Teacher resources and professional development across the curriculum
Teacher professional development and classroom resources across the curriculum
1: Meaningful Interpretation
Examine the Topic
Now that you have read the research and viewed the video discussion on interpretive communication, you will examine the topic further by analyzing a sample interpretive task.
For this task, you will put yourself in the role of a student and interpret a Web page titled "Carnaval en la calle" (see Resources), or "Carnival in the street." This task might be part of a unit on holidays, a cultural unit on festivals, or a February activity. The Web page has been selected for high school students at an intermediate proficiency level. The same theme could be done with novice learners and younger learners, but a Web page with more visuals may be more suitable.
A. PreviewingPreviewing activities can serve several purposes: to motivate students, to tap into their background knowledge, to create anticipation for the information to come, and more. They are designed based on students' ages, interests, prior knowledge, and proficiency level. The following are two examples of previewing activities for this interpretive task:
Parades: floats, music, spectators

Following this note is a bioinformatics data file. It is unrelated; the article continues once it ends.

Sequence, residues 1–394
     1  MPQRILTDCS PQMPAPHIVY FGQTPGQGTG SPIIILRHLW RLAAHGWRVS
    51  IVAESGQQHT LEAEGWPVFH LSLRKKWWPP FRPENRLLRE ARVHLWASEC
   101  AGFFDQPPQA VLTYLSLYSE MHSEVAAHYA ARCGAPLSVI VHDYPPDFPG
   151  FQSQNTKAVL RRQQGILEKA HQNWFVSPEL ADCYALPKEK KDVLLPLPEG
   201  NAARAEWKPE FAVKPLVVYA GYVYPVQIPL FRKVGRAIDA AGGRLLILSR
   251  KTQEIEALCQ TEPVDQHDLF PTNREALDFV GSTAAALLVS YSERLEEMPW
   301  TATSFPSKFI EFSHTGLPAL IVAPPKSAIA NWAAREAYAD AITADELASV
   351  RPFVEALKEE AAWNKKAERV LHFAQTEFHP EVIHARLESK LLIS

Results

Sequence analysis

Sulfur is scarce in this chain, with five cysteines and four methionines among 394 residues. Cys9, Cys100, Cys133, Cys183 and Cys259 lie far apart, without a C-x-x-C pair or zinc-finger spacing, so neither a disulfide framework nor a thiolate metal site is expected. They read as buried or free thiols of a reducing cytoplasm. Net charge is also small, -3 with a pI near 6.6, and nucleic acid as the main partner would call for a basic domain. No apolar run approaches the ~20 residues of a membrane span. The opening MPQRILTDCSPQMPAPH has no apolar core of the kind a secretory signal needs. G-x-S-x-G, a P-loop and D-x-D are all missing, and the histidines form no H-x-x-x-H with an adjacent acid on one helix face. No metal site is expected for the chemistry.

Costumes: colors, masks
Traditions: ties to Lent, fasting, religion
Practices: eating, drinking, partying
If the teacher and students live in a region where Carnaval, Mardi gras, or Fasching is celebrated, the activity could then be tied to local lore.
B. Skimming, Scanning, and InterpretingDuring skimming and scanning, students begin to work with the text itself. Skimming involves glancing through the text quickly to get the gist or main idea. Scanning involves searching the text for specific information. Some texts lend themselves to both processes, for example, a lengthy document or one with multiple sections. Other texts may be suitable for just one of these processes. For example, students don't need to skim an entire brochure to understand what it's about (publicizing an event or attraction), but students can scan it for specific information like time and place. In this Interactive Activity, skimming and scanning are combined into one phase of the process.
Students then move on to interpreting and reacting to the text. To comprehend the author's message, they use contextual guessing, inferencing, background information, and associations with the language and content. After comprehending the text (i.e., reading/listening to the lines), they can begin to react to it (i.e., reading/listening between the lines) by considering the message in the context of their learning and experience.
Note: The Web page is written in Spanish. Although you should be able to follow along with this activity regardless of your knowledge of Spanish, an English-language translation (PDF, 82 K) is available for reference.
Next > Put It Into Practice
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